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Cord Changes In Soluble Sugars, Sugar Profile, Starch And Proline In Developing Coconut (Cocos Nucifera L.) Inflorescences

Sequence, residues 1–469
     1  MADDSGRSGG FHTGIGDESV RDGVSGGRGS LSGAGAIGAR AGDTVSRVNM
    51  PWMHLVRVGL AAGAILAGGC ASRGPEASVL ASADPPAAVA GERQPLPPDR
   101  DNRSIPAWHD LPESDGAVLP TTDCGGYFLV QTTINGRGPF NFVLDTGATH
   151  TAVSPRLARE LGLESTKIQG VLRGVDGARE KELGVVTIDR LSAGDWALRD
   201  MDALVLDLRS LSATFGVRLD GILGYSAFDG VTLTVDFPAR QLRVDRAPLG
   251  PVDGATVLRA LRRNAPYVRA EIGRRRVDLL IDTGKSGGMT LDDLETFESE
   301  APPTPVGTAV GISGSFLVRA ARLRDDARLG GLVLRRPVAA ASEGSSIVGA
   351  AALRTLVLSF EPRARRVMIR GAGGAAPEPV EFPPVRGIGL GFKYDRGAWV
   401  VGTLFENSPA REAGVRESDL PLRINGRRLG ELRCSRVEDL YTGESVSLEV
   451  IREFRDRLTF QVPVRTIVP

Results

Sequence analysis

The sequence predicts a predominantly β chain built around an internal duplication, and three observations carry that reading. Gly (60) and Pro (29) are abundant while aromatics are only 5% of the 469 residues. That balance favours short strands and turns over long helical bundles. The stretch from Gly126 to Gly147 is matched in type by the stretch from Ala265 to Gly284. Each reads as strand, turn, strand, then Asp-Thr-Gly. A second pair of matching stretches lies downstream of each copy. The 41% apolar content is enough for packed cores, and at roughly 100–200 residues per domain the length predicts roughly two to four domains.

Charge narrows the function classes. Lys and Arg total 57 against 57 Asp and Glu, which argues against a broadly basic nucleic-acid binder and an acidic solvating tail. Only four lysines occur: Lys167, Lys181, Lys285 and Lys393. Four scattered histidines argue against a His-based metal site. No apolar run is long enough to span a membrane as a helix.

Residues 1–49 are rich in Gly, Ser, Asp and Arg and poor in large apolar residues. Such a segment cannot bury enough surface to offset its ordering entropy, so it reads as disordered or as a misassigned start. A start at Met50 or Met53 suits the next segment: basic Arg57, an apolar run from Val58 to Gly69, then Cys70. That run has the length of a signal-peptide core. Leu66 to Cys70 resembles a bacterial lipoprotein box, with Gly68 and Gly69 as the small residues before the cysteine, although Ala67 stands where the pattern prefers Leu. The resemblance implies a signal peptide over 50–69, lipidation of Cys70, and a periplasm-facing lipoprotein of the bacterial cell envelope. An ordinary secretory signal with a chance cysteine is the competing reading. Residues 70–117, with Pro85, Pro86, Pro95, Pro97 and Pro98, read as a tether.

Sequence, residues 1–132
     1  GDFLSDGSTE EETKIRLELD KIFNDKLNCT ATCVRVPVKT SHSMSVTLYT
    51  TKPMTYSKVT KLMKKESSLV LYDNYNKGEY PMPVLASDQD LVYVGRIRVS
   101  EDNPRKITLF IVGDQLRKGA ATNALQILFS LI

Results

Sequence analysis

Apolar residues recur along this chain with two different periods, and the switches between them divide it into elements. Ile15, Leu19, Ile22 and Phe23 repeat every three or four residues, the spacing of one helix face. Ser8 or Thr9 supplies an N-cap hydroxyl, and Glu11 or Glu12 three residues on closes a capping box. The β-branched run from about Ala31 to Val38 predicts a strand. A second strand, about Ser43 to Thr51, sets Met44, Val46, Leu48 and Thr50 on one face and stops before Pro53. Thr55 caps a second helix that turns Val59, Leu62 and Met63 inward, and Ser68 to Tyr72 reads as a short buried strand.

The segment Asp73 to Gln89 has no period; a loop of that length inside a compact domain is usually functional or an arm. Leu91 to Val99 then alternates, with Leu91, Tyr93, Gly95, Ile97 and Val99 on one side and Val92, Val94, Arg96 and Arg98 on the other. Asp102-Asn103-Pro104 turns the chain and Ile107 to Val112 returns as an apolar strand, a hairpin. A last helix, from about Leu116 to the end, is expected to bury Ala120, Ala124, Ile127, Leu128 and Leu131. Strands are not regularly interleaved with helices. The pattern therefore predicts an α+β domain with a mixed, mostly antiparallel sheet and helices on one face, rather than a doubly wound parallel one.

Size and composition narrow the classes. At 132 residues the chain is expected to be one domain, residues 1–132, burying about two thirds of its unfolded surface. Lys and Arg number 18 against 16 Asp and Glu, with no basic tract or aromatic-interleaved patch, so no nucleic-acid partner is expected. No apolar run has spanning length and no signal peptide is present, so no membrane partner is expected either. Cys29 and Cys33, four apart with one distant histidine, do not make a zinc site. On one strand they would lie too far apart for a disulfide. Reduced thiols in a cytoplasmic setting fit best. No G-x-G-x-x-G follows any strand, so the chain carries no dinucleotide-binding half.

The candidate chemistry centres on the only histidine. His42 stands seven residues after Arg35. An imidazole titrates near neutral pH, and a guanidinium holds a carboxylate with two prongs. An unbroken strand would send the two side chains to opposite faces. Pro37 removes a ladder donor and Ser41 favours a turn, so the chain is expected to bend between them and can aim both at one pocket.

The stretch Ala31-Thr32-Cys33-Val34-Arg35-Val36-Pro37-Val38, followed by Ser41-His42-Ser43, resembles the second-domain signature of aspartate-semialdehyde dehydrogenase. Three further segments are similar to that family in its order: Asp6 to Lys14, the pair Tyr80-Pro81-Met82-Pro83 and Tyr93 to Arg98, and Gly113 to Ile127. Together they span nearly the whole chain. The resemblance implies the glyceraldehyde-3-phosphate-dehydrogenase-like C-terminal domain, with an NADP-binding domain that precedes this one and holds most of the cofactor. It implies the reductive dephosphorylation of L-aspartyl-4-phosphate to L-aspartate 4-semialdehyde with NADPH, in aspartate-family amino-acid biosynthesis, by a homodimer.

Changes in soluble sugars, sugars profile, starch and proline levels in inflorescence rachillae from individual coconut palms were investigated during inflorescence development with the aim of determining a possible correlation between these characters and morphogenic potential of inflorescence tissues. Rachillae for analysis were collected from unopened inflorescences of -1 to -13 stages (considering the youngest open inflorescence as 0 stage) in decreasing order of maturity (–1 stage is the most mature stage whereas –13 is the most immature stage). Important differences among the maturity stages were observed for total sugars. In very tender inflorescences (-13 and -12), the total sugar content was very low whereas a gradual increase was observed from -11 to -7 stages, with  -7 stage having the highest level. The total sugar content in more mature inflorescences was relatively low, with the exception of -2 stage, which had a high total sugar content. In regard to sugar profiles, sucrose, fructose and glucose were the main soluble sugars present in coconut inflorescence and sucrose was the most abundant sugar in -5 to -9 maturity stages. Total soluble sugars and sucrose in maturity stages from -5 to -9 showed a very similar variation and significantly higher levels of sucrose were observed in -6 to -8 stages. The proline content in the mature stages, -1 to –3, was significantly lower than in the other stages with no significant variation in the stages –4 to –11. The pattern of variation in starch content was similar to that of proline which decreased with increasing maturity of inflorescence. In view of the results obtained, the higher accumulation of sucrose and total sugars in -6, -7 and -8 stages may have some significance in morphogenesis, especially as an energy source. The 10 cm length inflorescence that responds better for callusing falls within this range. Thus total sugar and sucrose content may be possible biochemical markers for assessing the morphogenic potential of inflorescence explants.

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